Diabetes reversal, scam or reality?
Doctors explained that the reversal of diabetes is a false perception and that such activities only result in the remission of diabetes.
BENGALURU: Diabetologists have alerted people not to fall under the trap of companies claiming to cure diabetes through herbal remedies, special diets or unnatural elements as many such programmes have mushroomed in the past few years.
In a recent incident, a type 1 diabetic person visited a private hospital in Bengaluru with blood sugar levels going up to 500. It was found out that the person underwent a therapy programme for reversing diabetes, and was off insulin. However, it backfired and he was admitted to the hospital and put back on insulin immediately. Other incidents are also seen among type 2 diabetes patients wherein patients return with high sugar levels reaching to 300-400.
Dr Manohar KN, chairman of Karnataka Research Society for the Study of Diabetes in India (KRSSDI) said these companies are running scams and often prey on people who are desperate to cure their diabetes. They offer false hopes and make unrealistic claims to reverse diabetes through the use of electronic devices or other unproven methods. Every week 2-3 patients come to hospitals with high blood sugar after they started a reverse diabetes programme.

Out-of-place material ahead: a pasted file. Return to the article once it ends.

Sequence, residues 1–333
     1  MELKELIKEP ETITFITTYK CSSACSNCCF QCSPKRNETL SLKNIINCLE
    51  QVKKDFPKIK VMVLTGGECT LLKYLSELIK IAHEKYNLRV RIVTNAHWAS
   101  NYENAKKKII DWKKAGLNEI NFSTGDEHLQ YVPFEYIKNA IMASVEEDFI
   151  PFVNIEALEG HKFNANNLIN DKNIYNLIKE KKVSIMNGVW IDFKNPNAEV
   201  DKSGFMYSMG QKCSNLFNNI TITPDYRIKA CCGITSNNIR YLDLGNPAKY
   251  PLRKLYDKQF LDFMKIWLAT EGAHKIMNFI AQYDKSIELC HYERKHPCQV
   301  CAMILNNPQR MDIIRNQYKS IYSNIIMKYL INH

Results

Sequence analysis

People complaining of further complications after subscribing to such programmes has increased, the doctor added. Type-2 diabetes is incurable, and can only be controlled over time. Even if people are following a particular diet, they must check their sugar levels regularly. “It is important to be aware of these scams and do your research before you spend any money on any diabetes reversal treatment. There is no guaranteed cure for diabetes, and any treatment that claims to reverse diabetes should be viewed with scepticism,” Dr Manohar noted.
Doctors explained that the reversal of diabetes is a false perception and that such activities only result in the remission of diabetes. Ridhima Batra, a nutritionist and diabetes educator, explained that though there is no harm in undergoing a therapy programme, it should always be under complete medical supervision. “This can help bring blood sugar level to normal, but one must keep a check on their sugar levels as it can easily bounce back if one leads a negligent lifestyle,” she added.
Around 35 per cent of Batra’s patients are working towards diabetes reversal under her supervision, and she advises people to stay away from any crash diet or any other programme to avoid health complications.